The Chiloe Island is located right off the Chilean coast, close to Puerto Montt (about 1100 kms South of Santiago). It is 250 kms long and 50 kms wide.
The first ethnies to occupy Chiloe were the Chonos and the Mapuches (indians), before the Spaniards took possession of the island in 1567. However in 1598 the Mapuches kicked out the Spanish colons from most of Southern Chile, and Chiloe settlers got completely isolated. A boat coming from Lima every year was their only contact with the outside world, as they could'nt go back on the continent and risk to be killed by Mapuches.
In the early 19th century Chile got independent from Spain and manage to recover Chiloe in 1826.
Nowadays Chiloe has a big heritage with many wooden churches from the colonial time (some of them are exclusively made of wood, without a single iron nail). Since 2000, they are part of the UNESCO World Heritage.
Apart from this rich historical background, Chiloe provides a marvellous National Park, by the Pacific Ocean. No big mountain there - the highest point of the island is Cerro Cap Maldonado (823m) - but a nice area for hiking with very little people around.
To reach the island there are 3 main entry point, all by boat of course as this is an island !
The best is to go directly to central town of Castro, from where it is the best place to move onto the National Park.
-> Northern Access : from Puerto Montt or Puerto Varas
Several buses each day leaving from these two towns. The whole journey lasts about 4hrs. You will keep the same bus all the way long.
-> Eastern Access : from Chaiten
3 boats per week come and go. Depending on the state of the ocean it can take bewteen 8 to 10 hours. No bus required as both towns have their warf.
-> Southern Access : from Puerto Chacabuco
1 boat per week comes and goes. The journey lasts for 36 hours.
You will then need to take one of the frequent buses from Quellon (southern end of Chiloe) to Castro.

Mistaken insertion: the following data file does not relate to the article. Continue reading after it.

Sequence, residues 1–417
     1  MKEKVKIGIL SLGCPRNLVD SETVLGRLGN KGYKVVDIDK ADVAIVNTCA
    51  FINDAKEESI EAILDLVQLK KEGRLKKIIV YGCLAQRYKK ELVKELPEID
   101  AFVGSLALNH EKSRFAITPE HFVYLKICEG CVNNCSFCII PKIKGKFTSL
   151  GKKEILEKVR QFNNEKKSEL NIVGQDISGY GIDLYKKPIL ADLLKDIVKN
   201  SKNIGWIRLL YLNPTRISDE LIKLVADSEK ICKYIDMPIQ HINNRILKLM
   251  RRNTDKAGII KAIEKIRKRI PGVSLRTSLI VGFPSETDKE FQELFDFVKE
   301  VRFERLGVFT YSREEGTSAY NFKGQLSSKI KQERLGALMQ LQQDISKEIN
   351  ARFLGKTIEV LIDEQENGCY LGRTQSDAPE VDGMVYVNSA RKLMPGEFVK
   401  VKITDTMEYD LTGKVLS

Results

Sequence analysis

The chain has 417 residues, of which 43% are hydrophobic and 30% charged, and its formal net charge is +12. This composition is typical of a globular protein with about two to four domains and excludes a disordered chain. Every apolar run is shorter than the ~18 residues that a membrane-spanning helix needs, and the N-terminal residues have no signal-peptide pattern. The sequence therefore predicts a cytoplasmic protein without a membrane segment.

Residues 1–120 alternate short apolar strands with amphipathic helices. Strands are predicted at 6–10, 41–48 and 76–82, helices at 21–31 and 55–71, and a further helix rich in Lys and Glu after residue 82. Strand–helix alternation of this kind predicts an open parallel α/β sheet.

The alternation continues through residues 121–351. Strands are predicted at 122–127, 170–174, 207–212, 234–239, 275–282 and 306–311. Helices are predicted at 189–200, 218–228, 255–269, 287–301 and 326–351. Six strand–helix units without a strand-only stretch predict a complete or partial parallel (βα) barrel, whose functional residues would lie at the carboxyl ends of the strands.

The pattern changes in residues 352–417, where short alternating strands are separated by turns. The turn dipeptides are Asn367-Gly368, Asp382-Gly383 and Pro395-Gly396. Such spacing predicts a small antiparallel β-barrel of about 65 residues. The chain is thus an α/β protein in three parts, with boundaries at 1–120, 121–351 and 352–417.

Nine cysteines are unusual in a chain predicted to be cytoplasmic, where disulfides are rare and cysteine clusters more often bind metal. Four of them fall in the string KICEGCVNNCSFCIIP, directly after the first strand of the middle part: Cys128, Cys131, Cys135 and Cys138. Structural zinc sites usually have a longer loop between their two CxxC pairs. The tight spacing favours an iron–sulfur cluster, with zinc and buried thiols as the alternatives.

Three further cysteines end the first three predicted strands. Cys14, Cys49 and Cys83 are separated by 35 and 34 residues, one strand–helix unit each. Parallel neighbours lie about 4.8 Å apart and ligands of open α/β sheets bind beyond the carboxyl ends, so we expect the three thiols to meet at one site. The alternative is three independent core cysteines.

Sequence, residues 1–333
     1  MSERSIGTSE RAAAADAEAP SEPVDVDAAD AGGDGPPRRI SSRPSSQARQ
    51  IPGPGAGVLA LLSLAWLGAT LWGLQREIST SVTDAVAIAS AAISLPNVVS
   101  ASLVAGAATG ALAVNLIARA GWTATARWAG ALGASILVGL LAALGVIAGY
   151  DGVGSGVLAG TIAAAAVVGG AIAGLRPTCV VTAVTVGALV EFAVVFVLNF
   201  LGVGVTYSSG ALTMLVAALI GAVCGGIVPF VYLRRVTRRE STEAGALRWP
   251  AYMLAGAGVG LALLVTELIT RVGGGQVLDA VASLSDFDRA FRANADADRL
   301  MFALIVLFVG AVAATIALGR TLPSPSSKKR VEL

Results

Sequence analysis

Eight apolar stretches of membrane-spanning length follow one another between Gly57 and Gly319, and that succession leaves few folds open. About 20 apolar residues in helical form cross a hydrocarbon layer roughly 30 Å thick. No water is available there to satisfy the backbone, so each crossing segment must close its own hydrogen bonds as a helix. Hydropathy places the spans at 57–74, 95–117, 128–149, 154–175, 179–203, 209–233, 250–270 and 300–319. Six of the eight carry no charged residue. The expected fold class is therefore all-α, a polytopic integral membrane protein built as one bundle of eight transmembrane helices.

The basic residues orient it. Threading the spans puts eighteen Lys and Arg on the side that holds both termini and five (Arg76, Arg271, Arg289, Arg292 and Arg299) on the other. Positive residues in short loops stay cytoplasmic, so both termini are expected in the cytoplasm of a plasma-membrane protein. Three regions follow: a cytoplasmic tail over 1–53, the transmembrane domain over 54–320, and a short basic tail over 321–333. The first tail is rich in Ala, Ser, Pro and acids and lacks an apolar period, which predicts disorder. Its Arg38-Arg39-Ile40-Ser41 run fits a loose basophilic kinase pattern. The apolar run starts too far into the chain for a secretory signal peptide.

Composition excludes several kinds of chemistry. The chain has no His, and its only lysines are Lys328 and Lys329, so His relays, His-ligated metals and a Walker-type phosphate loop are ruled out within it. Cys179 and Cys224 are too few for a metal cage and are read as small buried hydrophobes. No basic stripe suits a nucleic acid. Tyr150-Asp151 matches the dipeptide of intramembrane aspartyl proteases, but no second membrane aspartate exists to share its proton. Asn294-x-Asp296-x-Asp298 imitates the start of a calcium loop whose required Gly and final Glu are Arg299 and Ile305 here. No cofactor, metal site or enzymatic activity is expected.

Parque Nacional Chiloe
This National Park is made of 3 sections and is 43,057ha big. It is mostly covered with evergreen forest (with fine gray sand and shells on its shore).
1. The northen part is 7800 ha large and is accessible from Chepu. Very little infrastructure and accessible from Chepu (faster from Ancud, the big town north of the island)
2. The second sector is the Metalqui Island very difficult to access as there is no regular boat going there.
3. The third and larger portion of the Park is closed to Cucao and is the most common to visit.
There a couple of buses leaving every morning from Castro to the entrance of the Park in Cucao. Ask for details at the bus station. At the gate there is a $2 fee to pay.
1. The main trail goes along the coast up to Anay (26 kms). Most people go to the Park for a day-hike, and only walk for a few kilometers and return. However you can go further to camp in Cole-Cole (tap water available), the first day. The hut in Cole-Cole is in very poor condition, and a tent will be more confortable. On the second day, hike to Anay, then back to Cole-Cole, and return to Cucao the same day, or the day after (with a second night in Cole-Cole), depending on how fit you feel. This way you're quite sure to have, sand, trees and the ocean for yourself !
2. Another very short trail makes a loop from the park gate (2 kms) and shows the different kinds of vegetation around with some canope ways going throught ancient trees.
Very nice for knowledge and nature care.
Books, Maps & Weather
However there is a map available at the entrance.
The best hiking book is undoubtedly : Chile & Argentina : Backpacking & Hiking Guide by Tim Buford - Jun. 2005 (Bradt)
And for weather forecast : Meteo Chile